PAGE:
January 27, 1966
Mr. and Mrs. Fred C. Burns, Sr., will move this week into their newly remodeled home on Smith Hill. Mr. and Mrs. Richard Jones will move into the Burns home and the Alvon Deans have purchased the Jones home on Second Avenue. Mr. and Mrs. Kent Galford, Jr. moved into their new home in Smith Addition in December.
The home of Mr. and Mrs. Brice Cassell, about two miles out of Cass, was destroyed by fire last Wednesday. They managed to get a table and four chairs out and their potatoes from the cellar. Everything else was lost. Donations would be appreciated and may be left with Roy Cassell.
Guy Sharp, State Road Supervisor, says the snow over the weekend measured from 10 to 20 inches and blew on the mountains from the time it started to fall. The heaviest accumulation was about 20 inches in the Williams River, Sharp’s Knob and Clover Creek areas. About 18 inches in the northern part of the County. They kept the main roads open Saturday. Sunday they worked hard on back roads but they blew closed again. Monday was clear with no wind so what they opened stayed open. They hoped to have everything clear Tuesday. Schools reopened Tuesday.
This past weekend brought our first good winter snowstorm, so we thought a requested reprint of the famous Trotter reply to the postal authorities might be timely.
During the winter of 1885, the Trotter Brothers had a contract with the U. S. Government to carry the mail between Huttonsville (Ran- dolph County) and Staunton, Virginia. The brothers had made the trip from Huttonsville to Staunton and a severe snowstorm came up while they were in Staunton and on their return trip they could not cross Cheat Mountain, and as the result of this delayed trip, the people in Tygart Valley complained to the Postal Authorities about the delay in delivery of their mail. The Postal Authorities wrote the brothers for an explanation and the following is an exact worded copy of their answer:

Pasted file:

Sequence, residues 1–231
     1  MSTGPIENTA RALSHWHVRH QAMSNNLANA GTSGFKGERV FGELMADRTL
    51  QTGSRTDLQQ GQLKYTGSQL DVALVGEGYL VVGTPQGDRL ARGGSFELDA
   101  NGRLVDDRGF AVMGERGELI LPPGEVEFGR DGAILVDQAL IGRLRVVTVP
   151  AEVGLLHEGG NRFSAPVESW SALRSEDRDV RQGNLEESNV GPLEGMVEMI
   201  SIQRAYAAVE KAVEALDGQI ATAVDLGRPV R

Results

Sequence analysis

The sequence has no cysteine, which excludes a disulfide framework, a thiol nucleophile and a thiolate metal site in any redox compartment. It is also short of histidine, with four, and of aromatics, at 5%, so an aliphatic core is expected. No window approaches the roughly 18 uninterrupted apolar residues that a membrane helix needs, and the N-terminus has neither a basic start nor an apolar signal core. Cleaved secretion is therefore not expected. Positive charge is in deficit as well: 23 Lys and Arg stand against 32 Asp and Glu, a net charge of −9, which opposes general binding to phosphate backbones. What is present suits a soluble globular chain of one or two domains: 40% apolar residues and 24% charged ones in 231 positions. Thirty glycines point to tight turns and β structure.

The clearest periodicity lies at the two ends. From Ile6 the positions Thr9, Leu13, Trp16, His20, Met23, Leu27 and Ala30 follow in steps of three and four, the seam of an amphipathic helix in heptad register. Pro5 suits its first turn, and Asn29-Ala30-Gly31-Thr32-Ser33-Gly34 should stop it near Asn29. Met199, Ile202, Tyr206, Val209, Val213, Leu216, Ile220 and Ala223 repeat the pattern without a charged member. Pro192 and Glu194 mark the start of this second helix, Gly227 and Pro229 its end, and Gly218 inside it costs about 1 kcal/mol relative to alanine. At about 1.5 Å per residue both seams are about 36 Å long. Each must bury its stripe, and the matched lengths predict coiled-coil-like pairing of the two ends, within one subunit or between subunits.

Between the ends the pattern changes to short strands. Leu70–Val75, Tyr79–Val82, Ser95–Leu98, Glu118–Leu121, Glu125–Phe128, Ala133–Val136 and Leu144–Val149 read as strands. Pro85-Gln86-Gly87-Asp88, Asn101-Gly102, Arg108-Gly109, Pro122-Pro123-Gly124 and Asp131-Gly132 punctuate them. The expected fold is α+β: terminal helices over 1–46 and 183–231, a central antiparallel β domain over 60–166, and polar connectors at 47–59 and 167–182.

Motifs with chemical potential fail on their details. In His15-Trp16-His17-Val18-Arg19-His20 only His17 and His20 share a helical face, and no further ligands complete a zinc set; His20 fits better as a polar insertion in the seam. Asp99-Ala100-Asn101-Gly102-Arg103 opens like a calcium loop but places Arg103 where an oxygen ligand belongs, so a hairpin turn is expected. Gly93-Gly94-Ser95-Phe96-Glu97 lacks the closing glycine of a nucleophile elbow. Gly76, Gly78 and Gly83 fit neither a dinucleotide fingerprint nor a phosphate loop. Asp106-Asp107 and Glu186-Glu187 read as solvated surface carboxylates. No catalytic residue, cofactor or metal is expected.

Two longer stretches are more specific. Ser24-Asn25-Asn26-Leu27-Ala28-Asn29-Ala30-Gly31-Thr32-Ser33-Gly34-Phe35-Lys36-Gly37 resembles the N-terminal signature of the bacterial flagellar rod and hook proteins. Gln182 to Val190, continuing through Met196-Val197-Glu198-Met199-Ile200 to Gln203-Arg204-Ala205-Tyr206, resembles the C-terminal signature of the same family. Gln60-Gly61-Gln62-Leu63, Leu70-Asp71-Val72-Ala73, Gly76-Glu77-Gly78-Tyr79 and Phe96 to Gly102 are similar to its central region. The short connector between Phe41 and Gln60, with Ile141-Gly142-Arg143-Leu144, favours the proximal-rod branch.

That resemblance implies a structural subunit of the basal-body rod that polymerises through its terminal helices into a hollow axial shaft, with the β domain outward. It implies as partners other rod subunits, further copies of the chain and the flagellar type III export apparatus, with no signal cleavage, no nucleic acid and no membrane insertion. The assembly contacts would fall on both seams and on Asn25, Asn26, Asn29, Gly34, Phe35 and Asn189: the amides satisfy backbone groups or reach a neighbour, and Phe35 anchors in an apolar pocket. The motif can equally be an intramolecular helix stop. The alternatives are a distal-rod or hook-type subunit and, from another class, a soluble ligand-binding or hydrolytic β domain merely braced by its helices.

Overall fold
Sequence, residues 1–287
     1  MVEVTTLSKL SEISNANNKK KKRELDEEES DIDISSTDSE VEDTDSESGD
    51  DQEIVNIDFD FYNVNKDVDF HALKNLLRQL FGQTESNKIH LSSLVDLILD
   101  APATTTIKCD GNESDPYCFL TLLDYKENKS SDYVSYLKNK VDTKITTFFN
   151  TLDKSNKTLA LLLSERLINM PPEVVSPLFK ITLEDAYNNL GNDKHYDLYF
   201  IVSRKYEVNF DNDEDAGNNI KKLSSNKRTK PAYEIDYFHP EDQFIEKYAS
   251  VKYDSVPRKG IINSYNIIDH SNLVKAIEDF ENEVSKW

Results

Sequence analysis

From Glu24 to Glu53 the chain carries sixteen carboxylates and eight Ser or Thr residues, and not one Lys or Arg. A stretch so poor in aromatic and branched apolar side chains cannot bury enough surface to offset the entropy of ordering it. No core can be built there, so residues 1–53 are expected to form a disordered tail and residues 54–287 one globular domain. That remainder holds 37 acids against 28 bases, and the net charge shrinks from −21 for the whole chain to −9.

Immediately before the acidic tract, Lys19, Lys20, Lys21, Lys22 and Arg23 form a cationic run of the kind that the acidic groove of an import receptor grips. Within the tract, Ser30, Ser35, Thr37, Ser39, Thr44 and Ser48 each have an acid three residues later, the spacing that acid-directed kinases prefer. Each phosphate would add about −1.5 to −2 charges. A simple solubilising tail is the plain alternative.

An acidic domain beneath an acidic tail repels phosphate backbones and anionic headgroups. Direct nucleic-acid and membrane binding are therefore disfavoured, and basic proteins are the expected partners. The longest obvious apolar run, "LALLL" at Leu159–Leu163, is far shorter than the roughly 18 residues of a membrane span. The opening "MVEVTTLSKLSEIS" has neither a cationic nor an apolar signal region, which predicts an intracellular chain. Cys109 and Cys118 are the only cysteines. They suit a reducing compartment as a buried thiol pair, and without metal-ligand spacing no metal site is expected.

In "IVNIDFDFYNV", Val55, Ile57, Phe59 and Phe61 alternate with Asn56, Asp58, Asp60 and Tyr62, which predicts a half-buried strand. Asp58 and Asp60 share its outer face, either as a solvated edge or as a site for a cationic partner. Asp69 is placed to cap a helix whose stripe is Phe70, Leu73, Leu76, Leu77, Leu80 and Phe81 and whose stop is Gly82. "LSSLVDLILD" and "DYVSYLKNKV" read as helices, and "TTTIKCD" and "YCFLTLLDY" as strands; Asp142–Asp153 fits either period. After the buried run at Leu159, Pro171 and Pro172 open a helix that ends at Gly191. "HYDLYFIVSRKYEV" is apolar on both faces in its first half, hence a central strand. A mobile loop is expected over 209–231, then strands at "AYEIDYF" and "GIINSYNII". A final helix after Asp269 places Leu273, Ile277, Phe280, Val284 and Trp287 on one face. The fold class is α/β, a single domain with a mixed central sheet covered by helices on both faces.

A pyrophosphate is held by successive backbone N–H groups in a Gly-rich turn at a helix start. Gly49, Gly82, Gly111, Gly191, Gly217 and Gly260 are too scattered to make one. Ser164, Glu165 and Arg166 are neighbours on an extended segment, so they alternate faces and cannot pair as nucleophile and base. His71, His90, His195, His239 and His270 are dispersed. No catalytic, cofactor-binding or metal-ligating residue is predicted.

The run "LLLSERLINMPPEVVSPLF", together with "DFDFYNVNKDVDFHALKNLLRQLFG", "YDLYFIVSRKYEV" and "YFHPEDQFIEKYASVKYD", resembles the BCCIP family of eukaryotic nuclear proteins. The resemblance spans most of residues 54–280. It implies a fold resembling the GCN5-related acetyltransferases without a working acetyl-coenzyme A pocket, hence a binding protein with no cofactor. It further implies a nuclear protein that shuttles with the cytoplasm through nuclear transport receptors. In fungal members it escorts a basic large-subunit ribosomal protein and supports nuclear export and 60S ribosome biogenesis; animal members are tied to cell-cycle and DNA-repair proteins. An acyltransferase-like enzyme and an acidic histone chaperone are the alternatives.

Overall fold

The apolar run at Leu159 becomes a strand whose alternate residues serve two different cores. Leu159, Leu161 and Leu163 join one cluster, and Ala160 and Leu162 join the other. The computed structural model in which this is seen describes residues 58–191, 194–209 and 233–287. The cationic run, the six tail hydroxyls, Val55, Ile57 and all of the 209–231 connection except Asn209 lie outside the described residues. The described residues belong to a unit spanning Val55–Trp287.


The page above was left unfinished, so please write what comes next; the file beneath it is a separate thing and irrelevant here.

Mr. Postmaster General
Sir: If you knock the gable end out of Hell and back it up against Cheat Mountain and rain fire and brimstone on it for forty days and forty nights, it won’t melt the snow enough to get your ——— mail through on time.
By s-James Trotter
Note: Original of above letter is supposed to be in the Smithsonian Institute.
Army Pvt. Richard S. Combs, son of Mr. and Mrs. Watson A. Combs, of Minnehaha Springs, was assigned to Headquarters Company of the 14th Supply and Service Battalion near Hanau, Germany, January 5.
Army Pvt. Denver J. Hollandsworth, 21, son of Mr. and Mrs. Denver M. Hollandsworth, of Hillsboro, completed a combat engineer course at Fort Leonard, Missouri, January 14.
Norris F. Long, the son of Mr. and Mrs. Percy F. Long, of Cass, and Harry R. Aldridge, the son of Mr. and Mrs. Robert A. Aldridge, of Arbovale, reported for active duty with the Navy on January 12. They were transferred to the U. S. Naval Training Center, Great Lakes, Illinois, where they will receive their basic training.
Joseph (Joe) Shafer, with the U. S. Navy, spent a 15-day furlough here with his wife, Mrs. Shafer, and little daughter, and his mother, Mrs. Mary Shafer. He just returned from a tour of duty to Cuba.
Earl M. Kelley, son of Mr. and Mrs. Ward R. Kelley, of Huntersville, recently completed two years’ service in the U. S. Army. The last six months he was overseas in Viet Nam.
Seaman Richard W. Horton, USN, son of Roy M. Horton, of Marlinton, is serving aboard the attack air craft carrier USS Randolph, which operates out of Norfolk, Virginia. While serving aboard the Randolph, he will play an important part in fulfilling the ship’s mission of anti-submarine warfare.
Mrs. Walter Shafer, of Jerico Road, Marlinton, wishes to announce the engagement of her daughter, Mary Lee, to Ronald (Ronny) Roy, son of Mr. and Mrs. Joseph Roy, Sr., of Marlinton.
Never Too Old for Love
W. W. Gladwell, of Titusville, Florida, and Willie Hinkle, of West Virginia, proved that you are never too old to fall in love as they were married Thursday evening, September 14, 1965, in the Galdwell residence. He is 80 years old and she is a young 74…
Gladwell is also from West Virginia, but has lived in Titusville for fourteen years. The proud groom stated that he planned to continue to do a lot of fishing.
The groom is the oldest uncle of Virgil Gladwell, of Beard, and has other relatives here.
Born to Spec. 4 and Mrs. Jerry R. Compton, of Arlington, Virginia, a son, name John Vinton.
Born to Mr. and Mrs. Grand Daniel Sharp, of Buckhannon, a daughter, named Kay Charlene.
Born to Mr. and Mrs. Darrell Maddy, of Buckeye, a daughter, name Penny Jo.
Born to Mr. and Mrs. Alfred Williams, of Beard, a son, named Randell Lee.
Born to Mr. and Mrs. Grey McComb, of Huntersville, a son.